Spreading out the casino scam

"Gwendolen at the roulette table" – 1910 illustration with  George Eliot 's   Daniel Deronda .

"Gwendolen at the roulette table" – 1910 illustration with George Eliot's Daniel Deronda.


Adapted from Robert Whitcomb's "Digital Diary,'' in

After failing to improve the standard of living (well, loan sharks have done well) in southeastern Connecticut (a state whose government is swimming in red ink)  with their vast casinos, the MashantucketPequot and Mohegan tribes are pushing to build a “satellite’’ casino in East Windsor, Conn., making the pitch that this will reduce the flow of revenue to Springfield, Mass., where another casino based on wishful macroeconomic thinking is going up.

Let the cannibalization of casino suckers continue!  Surf a new wave of embezzlements and personal bankruptcies in Greater Hartford! Of course, the tribes are getting support from their local state legislators, who look to campaign contributions  before the next election.

The plan is for the Pequots’ Foxwoods and the Mohegans’ Sun to pay 25 percent of their gross slot-machine revenues at the new facility to the state so long as no other enterprise is allowed to have a casino in Connecticut. So much for the free market!





Trump movie: A fun slide down America's decline

We got so much reaction to the press release sent us by the producer of Trump: What's the Deal? that we're republishing it here. Links to the trailer and the movie are below. You can see the whole movie for free. The trailer is very funny-- and of course fast-paced. Listening to the utterly unique voice of Peter Foges, the narrator, is quite an experience.

The movie is an often hilarious and often enraging look at  crony capitalism, runaway narcissism and materialism, much of it within a time capsule of '80s kitsch.

American civic life has been heading  ever deeper into the sewer, but it's sometimes a fun ride.



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Trump: What’s the Deal? is an investigative documentary that was completed in 1991 --- but has never been seen by the national audience it was made for.  Trump took great pains to suppress the film, threatening networks, distributors, and the filmmakers.

Producer Libby Handros says: “Now that Trump is running for president, it’s time for the American people to meet the real Donald and learn how he does business. The old Trump and the new Trump? They're the same Trump.”

“While much has been written on Donald, few know how he built his business,” she explains. “This documentary, which we made at great personal cost over three years, is filled with vivid and dramatic commentary by Trump insiders and prominent outside observers, who expose how he operated as he rose to national prominence.”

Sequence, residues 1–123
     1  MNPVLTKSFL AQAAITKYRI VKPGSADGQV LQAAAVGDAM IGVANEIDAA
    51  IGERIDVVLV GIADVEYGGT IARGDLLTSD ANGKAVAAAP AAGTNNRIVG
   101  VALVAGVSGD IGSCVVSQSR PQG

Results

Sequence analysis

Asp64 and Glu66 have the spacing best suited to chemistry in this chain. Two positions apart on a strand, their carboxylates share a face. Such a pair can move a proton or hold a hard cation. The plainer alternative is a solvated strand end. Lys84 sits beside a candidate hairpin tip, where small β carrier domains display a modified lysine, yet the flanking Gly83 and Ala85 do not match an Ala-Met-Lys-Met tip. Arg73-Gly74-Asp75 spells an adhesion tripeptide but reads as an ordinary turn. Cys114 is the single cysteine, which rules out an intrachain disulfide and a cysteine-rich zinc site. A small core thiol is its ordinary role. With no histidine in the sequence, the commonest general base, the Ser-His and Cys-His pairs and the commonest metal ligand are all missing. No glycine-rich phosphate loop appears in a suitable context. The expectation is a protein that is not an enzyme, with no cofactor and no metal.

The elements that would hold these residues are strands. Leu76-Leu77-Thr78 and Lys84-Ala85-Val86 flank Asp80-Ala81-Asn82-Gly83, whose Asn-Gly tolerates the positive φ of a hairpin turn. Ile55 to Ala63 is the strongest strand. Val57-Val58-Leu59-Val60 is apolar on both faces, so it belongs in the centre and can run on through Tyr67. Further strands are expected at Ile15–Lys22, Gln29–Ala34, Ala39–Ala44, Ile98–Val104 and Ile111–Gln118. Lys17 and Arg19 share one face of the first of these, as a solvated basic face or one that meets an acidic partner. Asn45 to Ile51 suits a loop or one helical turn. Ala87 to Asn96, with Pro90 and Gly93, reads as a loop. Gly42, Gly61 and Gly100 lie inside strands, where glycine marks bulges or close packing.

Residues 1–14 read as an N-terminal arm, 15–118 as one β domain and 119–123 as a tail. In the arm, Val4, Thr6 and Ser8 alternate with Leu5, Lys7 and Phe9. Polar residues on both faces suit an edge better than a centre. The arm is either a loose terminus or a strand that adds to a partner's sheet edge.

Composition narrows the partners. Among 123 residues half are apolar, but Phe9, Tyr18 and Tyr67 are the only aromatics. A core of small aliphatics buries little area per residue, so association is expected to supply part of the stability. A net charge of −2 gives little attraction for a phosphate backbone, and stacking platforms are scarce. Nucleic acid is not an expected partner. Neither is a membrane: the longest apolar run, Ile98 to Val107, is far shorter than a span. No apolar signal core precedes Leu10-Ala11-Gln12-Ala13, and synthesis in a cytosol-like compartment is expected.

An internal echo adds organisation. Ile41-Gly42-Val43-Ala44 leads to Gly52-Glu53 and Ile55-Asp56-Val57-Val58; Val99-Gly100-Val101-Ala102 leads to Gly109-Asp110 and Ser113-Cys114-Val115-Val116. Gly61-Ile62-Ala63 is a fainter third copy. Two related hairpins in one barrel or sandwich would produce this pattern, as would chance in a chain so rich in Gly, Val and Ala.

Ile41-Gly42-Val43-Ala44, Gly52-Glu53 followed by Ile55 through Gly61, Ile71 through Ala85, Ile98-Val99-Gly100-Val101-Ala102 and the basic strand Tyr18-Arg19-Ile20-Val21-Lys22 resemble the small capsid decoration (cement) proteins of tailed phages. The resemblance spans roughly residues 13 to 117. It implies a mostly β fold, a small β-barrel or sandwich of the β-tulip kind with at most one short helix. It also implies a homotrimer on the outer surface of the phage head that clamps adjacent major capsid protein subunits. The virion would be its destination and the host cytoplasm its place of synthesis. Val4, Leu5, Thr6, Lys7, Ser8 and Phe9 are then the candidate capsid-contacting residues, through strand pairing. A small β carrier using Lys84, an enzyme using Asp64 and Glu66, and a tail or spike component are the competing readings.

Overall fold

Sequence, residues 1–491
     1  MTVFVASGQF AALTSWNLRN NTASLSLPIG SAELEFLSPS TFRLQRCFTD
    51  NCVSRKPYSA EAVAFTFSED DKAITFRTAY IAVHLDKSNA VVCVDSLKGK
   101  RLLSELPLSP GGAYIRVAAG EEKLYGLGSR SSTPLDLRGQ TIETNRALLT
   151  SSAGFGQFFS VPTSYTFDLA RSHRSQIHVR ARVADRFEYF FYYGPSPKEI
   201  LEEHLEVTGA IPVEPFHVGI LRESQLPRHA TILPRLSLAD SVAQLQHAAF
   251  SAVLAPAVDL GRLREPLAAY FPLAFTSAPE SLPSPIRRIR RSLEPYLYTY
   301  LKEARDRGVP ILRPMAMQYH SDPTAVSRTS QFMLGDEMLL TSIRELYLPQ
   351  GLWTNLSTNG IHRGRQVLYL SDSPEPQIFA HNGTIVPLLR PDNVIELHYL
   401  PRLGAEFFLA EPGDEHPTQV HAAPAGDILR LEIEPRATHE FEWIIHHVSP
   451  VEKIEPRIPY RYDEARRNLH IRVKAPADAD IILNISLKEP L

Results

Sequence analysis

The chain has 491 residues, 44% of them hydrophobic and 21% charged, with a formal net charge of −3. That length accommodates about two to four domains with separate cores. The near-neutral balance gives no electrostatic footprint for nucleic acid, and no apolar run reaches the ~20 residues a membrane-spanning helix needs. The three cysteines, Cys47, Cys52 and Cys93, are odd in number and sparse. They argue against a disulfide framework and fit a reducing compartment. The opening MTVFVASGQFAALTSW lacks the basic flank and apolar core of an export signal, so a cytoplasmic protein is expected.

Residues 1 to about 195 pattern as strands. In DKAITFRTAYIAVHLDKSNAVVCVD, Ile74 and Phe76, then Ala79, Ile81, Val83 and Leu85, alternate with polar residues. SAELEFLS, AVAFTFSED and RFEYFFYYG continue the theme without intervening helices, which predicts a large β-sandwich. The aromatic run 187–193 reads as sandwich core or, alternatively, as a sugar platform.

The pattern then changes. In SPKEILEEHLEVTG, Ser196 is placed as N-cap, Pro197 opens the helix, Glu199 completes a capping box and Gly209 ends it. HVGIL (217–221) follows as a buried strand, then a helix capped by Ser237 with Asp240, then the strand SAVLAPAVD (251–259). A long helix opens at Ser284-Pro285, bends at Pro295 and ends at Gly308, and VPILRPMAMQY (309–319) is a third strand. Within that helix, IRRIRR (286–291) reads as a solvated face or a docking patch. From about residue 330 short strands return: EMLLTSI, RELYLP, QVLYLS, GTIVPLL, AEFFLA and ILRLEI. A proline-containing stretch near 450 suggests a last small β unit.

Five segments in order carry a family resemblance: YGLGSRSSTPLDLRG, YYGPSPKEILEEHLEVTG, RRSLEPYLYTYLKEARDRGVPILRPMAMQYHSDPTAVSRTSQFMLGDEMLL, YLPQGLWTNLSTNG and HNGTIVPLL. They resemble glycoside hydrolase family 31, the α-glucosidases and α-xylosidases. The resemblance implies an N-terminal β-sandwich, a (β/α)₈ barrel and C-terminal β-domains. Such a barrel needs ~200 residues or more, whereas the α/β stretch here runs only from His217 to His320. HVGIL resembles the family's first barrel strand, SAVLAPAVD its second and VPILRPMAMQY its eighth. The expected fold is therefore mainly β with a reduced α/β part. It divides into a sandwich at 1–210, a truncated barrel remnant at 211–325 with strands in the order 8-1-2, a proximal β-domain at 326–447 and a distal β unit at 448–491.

Trump has claimed to be a self-made billionaire. That’s the first myth this documentary punctures. Trump used his father's money and government connections in addition to taxpayer largesse to begin his empire.

“Donald is neither self-made nor anything like a true small-government conservative,” Handros says. “His father made huge profits off Federal Housing Authority loans, and with the help of his father’s friends in government, Donald used the same techniques to build what fortune he actually has.”


“We also launched one of the first investigations into Trump’s finances to reveal that he did not have nearly as much money as he says he did—a pattern of deception and aggrandizement that continues to this day,” Handros says. “Of all the damaging things we uncovered about Trump, that’s definitely the one that upsets him the most and led to him going after our film so hard.”


  • Trump’s mob-connected contractor used illegal immigrant labor, provided with no safety equipment, to demolish the building that stood in the way of Trump’s first signature building: Trump Tower.
  • Trump hired a company that specialized in psychological attacks and blackmail to move tenants out of a building he wanted demolished.
  • Trump was a major factor in the implosion of the United States Football League, and made a failed bid to “buy” Mike Tyson.
  • Trump was in bed with the Mafia to buy the land for his first casino, Trump Plaza; he had ongoing associations with known mob figures and drug dealers in Atlantic City.
  • Trump’s compulsion, then and now, to verbally abuse his wife and other family members as well as his colleagues and employees.
  • Trump bad-mouthed three top executives of his Atlantic City casinos after their death in a company helicopter crash, blaming them for the near collapse of his empire.
  • Trump’s manipulation and lying to the press… and their complicity in making him the force he is today.
  • Trump’s long battle to move the airport farther away from his mansion in Palm Beach.

And much, much more…

The film was a production of The Deadline Company and produced by Al Levin, an award-winning documentary film producer, (now deceased) and Libby Handros. When the film’s executive producer Ned Schnurman passed away, Handros inherited the piece.

Trump: What’s the Deal? was recently called “an unforgettable investigation into the mating of commerce, corruption and celebrity in America's latest Gilded Age. It explodes the Trump mythology and his presidential campaign with it.’’

To watch the trailer:

To watch the film: